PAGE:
Tidsskrift: Aquaculture, vol. 207, p. 311–329–19, 2002
Open Access: none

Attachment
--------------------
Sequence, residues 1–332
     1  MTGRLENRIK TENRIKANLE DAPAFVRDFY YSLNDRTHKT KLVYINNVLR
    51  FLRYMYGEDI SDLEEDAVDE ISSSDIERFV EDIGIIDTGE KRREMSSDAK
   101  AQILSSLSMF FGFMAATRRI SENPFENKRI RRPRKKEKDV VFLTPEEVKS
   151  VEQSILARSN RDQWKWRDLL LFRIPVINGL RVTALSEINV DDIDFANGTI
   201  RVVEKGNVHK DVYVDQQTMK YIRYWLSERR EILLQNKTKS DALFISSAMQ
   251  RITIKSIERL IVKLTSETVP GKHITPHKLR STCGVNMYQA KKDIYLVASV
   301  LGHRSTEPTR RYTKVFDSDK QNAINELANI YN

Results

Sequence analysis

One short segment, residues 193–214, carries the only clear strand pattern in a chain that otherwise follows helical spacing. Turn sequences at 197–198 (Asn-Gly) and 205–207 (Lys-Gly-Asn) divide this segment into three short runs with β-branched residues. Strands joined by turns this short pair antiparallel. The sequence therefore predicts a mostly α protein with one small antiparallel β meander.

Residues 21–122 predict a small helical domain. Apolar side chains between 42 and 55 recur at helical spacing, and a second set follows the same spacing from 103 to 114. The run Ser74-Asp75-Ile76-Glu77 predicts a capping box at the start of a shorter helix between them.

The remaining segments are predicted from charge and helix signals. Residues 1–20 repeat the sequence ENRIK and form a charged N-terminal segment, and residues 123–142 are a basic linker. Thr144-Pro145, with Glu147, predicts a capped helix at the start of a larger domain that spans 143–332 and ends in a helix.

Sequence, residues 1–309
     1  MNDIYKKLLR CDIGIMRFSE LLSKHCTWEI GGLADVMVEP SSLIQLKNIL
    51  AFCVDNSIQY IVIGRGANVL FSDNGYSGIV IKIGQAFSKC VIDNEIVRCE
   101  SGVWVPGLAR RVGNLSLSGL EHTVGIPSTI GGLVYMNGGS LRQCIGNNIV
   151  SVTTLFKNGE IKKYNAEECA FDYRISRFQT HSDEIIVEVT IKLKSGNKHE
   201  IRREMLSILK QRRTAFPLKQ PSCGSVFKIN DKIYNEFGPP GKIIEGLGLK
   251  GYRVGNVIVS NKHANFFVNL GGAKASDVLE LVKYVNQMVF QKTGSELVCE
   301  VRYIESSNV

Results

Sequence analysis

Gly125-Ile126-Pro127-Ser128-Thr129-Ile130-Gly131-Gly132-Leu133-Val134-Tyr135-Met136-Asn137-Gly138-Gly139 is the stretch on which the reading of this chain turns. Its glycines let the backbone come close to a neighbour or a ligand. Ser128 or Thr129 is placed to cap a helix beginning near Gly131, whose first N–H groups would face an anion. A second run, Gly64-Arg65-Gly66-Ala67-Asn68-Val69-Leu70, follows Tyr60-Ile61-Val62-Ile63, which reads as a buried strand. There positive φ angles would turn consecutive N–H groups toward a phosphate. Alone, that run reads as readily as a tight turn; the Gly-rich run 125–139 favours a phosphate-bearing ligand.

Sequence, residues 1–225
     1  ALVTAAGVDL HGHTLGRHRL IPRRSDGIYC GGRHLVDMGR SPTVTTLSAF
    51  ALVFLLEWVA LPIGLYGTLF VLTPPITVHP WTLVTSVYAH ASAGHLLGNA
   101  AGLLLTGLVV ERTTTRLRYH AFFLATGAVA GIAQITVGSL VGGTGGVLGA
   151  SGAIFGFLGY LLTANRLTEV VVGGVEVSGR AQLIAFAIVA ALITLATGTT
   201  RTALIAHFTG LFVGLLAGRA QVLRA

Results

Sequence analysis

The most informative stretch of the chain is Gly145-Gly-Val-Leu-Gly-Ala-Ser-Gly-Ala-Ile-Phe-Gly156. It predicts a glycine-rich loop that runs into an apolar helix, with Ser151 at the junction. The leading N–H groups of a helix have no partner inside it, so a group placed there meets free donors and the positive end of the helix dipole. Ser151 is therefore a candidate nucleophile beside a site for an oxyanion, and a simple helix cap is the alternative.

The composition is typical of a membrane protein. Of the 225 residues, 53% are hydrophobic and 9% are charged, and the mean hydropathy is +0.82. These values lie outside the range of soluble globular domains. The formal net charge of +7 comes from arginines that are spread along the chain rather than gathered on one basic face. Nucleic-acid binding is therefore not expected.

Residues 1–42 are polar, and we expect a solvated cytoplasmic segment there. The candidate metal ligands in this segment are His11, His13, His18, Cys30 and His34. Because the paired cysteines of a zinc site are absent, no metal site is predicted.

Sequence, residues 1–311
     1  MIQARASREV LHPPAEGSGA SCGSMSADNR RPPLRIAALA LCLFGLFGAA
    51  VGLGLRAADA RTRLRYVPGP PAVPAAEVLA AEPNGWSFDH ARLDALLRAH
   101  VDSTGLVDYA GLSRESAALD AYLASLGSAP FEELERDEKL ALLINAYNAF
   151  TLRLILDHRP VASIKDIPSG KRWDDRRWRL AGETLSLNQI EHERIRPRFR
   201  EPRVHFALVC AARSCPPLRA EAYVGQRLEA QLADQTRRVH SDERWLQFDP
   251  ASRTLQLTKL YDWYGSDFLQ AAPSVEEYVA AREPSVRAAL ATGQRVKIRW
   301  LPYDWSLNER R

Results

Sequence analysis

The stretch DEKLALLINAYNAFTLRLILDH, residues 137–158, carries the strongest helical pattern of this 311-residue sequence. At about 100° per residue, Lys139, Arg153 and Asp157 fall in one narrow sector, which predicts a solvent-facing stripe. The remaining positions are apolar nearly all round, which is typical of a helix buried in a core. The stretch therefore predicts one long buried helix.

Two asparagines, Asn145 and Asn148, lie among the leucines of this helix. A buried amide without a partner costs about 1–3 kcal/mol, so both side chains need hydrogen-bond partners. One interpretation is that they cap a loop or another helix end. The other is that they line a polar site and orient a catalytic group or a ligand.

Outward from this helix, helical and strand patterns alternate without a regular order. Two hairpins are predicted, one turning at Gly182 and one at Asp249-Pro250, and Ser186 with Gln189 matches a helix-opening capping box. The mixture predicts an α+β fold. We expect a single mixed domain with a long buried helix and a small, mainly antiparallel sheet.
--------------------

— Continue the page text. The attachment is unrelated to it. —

The uncertain supply and variable price of fish oil warrants the investigation of other sources of energy in salmon diets. A study was done to test the effects on growth, feed utilization, tissue fatty acid composition, heart histology and standard oxygen consumption of replacing 50% or 100% of the supplementary fish oil (FO) with soybean oil (SO) in high energy, fish meal-based diets for Atlantic salmon smolts. Triplicate groups of fish were tested for approximately 950 day-degrees (DD) at both 5 (initial weight, 108 g) and 12 degreesC (initial weight, 118 g). The salmon tripled their weight during the trial. Total feed intake and growth were significantly greater in the groups fed the 100% FO diet compared with those fed the 50% SO diet, with the 100% SO-fed groups in the middle. Feed efficiency ratios were not affected by dietary treatment or water temperature. No histological pathologies were found in heart tissue of salmon sampled at the end of the trial. Neither diet nor temperature affected whole body composition or lipid content in the heart of fish sampled at the end of the trial. Standard oxygen consumption was significantly lower in salmon fed the 50% SO diet (83 +/- 2 mg O-2 kg(-1) h(-1)) compared with fish fed the 100% FO and 100% SO diets (90 +/- 2 and 92 +/- 2 mg O-2 kg(-1) h(-1), respectively). In general, the levels of the individual fatty acids in the triacylglyerol fraction of the heart and fillet lipids showed either no response or a linear response to the corresponding fatty acids in the diets. Thus, no relationship was evident between the tissue fatty acid levels and oxygen consumption. This study showed that Atlantic salmon grow well and with high efficiency on high energy, fish meal-based diets containing up to 100% supplementary soybean oil. No evidence of detrimental effects of the soybean oil on the health of the fish was found.